"I do not wash my clothes."
Whether it is positive or negative （洗います/洗いません）, 服 is the direct object. So gramatically the particle を is needed to describe the role of 服: 服を洗います or 服を洗いません.
は is to bring up the topic, as already discussed above, and it is added after a phrase (unlike を which is after a noun equivalent). In this case, the は is added after 服を becoming 服をは. In modern Japanese, は supesedes を, so it becomes 服は. So 服は is 服を+the indicator to mark 服を as the topic.
は can supesede also が, so 服は can be either from 服を or 服が depending on situation.
that make sense, I will edit my comment out so people don't get the wrong idea about how this particle works. Thanks for the explanation, it really cleared out a lot of doubt I had.
I originally got my explanation from a discord group, but it was over simplified, so I might have gotten the wrong idea.
As I understand it after crossing multiple sources (I am not a native speaker nor a teacher):
「は」is a topic marker, the closest English translation is "as for"
「って」is another famous topic marker, closer to "speaking of" only used in spoken language.
Now, any of the four usual particles 「が・を・に・で」, can be transformed to a topic marker, but only 「が」 and 「を」 can disappear completely:
Once a topic is established, it is implied for the next following sentences.
Wa - topic marker, "theme" or "as for..." Ga - subject marker, SOME times inerchangable with wa but implying something a bit different Wo - object marker, used when targetting a specific noun with a verb or an action
Both of aforementioned sencences are fine but the first one is much more casual... a lot is inferred in everyday Japanese and often some particles or topic are dropped cause it's understood anyways. It's usually okay to drop watashi as well (unless you wanna emphasize it) cause people would likely understand that you are talking about yourself. The second sentence is perfecltly correct gramatically but there's no need to be so specific when it comes to casual speech ... The sentence is randomly generated anyways, it's just for the purpose of the lesson. But I think it would be good if Duo specified if they require polite or casual speech from you and so on... :)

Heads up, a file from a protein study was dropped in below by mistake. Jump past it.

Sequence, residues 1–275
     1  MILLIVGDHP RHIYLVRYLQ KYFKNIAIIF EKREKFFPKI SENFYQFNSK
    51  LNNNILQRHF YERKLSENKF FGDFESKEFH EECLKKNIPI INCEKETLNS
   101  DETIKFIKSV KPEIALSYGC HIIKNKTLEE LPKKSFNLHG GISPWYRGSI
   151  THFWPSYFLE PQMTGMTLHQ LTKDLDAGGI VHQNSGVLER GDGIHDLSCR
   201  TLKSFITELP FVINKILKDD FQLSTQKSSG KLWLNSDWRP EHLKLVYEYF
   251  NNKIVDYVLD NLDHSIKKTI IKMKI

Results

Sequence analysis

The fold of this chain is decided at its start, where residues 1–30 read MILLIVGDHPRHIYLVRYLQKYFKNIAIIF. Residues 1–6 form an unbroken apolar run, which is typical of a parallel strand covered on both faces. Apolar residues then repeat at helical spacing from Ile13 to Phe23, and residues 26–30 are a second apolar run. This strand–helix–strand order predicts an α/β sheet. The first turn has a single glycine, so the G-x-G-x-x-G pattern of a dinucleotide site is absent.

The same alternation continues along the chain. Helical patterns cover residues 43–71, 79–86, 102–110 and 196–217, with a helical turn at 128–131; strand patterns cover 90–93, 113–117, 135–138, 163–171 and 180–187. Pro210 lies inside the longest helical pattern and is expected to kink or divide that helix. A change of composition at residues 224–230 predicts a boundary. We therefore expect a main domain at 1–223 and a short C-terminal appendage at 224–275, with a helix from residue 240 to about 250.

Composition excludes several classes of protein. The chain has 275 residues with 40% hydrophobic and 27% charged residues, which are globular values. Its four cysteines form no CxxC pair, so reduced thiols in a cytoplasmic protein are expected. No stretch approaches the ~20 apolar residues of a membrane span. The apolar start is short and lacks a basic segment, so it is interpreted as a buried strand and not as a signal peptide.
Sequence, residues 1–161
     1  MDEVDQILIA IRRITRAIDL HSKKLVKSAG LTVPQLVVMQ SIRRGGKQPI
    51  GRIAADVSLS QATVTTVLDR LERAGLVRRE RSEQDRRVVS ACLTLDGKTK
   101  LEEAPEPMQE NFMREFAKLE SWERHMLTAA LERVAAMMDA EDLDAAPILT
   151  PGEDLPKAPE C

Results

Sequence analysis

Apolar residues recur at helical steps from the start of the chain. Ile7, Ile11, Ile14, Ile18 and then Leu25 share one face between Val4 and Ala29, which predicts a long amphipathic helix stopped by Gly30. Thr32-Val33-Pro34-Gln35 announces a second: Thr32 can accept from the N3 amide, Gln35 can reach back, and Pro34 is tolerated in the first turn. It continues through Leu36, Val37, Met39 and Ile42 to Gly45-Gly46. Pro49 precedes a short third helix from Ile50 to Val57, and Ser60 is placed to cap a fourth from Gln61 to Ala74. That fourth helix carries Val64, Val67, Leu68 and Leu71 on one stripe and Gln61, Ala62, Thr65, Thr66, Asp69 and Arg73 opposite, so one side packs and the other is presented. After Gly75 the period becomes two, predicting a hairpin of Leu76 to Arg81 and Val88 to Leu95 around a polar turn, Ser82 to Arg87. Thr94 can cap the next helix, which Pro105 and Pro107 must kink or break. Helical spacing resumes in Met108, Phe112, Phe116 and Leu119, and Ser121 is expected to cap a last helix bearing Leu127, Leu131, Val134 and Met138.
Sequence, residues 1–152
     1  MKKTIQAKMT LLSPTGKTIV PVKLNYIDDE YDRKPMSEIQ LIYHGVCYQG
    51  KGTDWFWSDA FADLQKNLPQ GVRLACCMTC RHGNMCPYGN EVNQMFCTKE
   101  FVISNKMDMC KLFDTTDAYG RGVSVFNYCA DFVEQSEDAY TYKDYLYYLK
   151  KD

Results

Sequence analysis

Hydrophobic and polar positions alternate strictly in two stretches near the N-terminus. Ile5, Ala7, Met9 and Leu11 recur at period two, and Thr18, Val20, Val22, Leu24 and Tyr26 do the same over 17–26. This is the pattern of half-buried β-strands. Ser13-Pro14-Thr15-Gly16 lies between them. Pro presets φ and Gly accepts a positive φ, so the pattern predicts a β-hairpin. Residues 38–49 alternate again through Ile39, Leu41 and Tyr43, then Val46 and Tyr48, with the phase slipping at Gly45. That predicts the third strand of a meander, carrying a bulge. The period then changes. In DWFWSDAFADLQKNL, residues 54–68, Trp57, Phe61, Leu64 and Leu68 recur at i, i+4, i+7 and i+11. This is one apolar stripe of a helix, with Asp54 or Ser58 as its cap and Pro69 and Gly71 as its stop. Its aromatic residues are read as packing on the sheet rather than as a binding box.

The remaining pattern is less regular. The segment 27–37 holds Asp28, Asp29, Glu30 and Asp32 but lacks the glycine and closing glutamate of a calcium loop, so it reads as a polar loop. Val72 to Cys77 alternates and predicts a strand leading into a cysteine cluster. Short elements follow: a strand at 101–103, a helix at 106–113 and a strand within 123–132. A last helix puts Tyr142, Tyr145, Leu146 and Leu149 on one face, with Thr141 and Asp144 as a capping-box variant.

You got these topic and particle right however I think your verb tense is off. -Masu and -masen are considered non-past and can talk about present or future actions but not progressive. So in this case the sentence 服は洗います Would either be: "I wash the clothes." or "I will wash my clothes' Progressive (washing) wouod require the -te/て form + iru/いる
"Don't wash clothes" is in imperative form so it would be 服を洗うな. "The clothes are not washed" is in passive form so it would be 服が洗われません. You won't know whether it is "I" or "He" from the Japanese sentence. The subject is omitted and this is how Japanese language works. You assume the subject is "I" for declarative sentences and "you" for questions or requests etc. using common sense.
While the subject is usually omitted in Japanese, an English statement needs a subject.
Omitting the subject in English changes the meaning of the sentence from a simple statement to a command. (Telling someone else to not wash). This would be 服を洗わないで・洗うな in Japanese.
Without any provided context, Duo assumes a two-person conversation, where statements default to the speaker "I" and questions to the target listener "you".
"I do not wash clothes" "Do you wash clothes?"
"The clothes are not washed" would be a different structure as well, with the clothes being the subject of the passive form 服は洗われません